Even now – or maybe especially now – that he’s no longer the General Manager of the Chicago Cubs, I’m sure Hendry would regale me with stories about the ill-fated 2003 team or the powerhouse 2008 squad. Joyful, funny stories. Deeply personal stories. Because, if there is one thing that has become clear in the wake of his firing, it’s that Jim Hendry loves the Chicago Cubs.
How else can you explain a man, subjected to as much vitriol as any Chicago executive in 25 years, offering to steward for a crucial month the very team looking to leave him behind?
That’s exactly what Jim Hendry did when he was told on July 22 that he would be fired.
He even agreed to keep the firing a secret from everyone, including the players he loves so much. To hear him speak of certain players, you’d think he was speaking of his children. Maybe he thought of some of them that way. I’ll confess, reading about Hendry’s emotional goodbye to the players in the clubhouse on Friday made me a little misty-eyed, too. The love was palpable.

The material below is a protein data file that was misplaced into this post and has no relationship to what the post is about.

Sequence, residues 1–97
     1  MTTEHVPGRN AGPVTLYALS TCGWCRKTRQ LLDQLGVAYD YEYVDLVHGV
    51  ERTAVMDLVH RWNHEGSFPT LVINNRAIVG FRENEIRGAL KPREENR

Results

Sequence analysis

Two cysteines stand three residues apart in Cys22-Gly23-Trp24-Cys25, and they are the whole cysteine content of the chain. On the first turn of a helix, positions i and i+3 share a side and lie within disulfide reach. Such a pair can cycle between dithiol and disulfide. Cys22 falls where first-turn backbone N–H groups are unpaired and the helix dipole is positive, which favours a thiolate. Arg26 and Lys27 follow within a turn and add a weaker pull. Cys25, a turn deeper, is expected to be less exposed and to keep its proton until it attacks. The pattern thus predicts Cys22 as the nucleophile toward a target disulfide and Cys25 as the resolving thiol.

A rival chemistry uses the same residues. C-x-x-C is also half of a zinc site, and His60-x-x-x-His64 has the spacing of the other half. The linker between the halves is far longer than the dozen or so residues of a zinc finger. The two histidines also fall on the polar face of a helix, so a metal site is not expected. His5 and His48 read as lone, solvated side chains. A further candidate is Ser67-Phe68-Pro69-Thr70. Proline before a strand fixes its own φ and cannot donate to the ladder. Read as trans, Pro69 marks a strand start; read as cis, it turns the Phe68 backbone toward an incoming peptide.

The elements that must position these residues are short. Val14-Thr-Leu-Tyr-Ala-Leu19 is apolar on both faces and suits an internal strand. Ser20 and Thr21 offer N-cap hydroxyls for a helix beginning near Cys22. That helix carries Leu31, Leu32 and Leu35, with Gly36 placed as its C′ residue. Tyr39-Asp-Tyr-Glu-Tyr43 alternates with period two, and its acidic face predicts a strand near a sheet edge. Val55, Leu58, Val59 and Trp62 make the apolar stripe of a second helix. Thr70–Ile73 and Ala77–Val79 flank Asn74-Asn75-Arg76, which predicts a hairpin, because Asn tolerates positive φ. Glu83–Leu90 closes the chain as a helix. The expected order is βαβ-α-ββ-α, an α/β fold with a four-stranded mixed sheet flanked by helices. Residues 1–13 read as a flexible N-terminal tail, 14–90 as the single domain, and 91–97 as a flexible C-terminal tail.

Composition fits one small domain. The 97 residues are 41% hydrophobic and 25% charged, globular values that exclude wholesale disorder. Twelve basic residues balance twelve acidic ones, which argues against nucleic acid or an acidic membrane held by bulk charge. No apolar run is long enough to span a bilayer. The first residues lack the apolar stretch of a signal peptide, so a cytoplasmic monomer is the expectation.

And the Cubs’ organization loved Hendry, too.
Even after showing Hendry the door, Tom Ricketts had nothing but positive things to say about the man he’d just fired. He added that “we’ll all miss seeing him every day at the office, for sure.” Mike Quade called Hendry his “friend” no fewer than four times on Friday.
The players agreed.
“If you showed up on time and you played hard, he had nothing but good things to say about you,” Ryan Dempster said of Hendry. “We’ll be friends a long time after baseball is over with.” Kerry Wood said Hendry wasn’t a “typical GM,” and that their relationship would last for many years.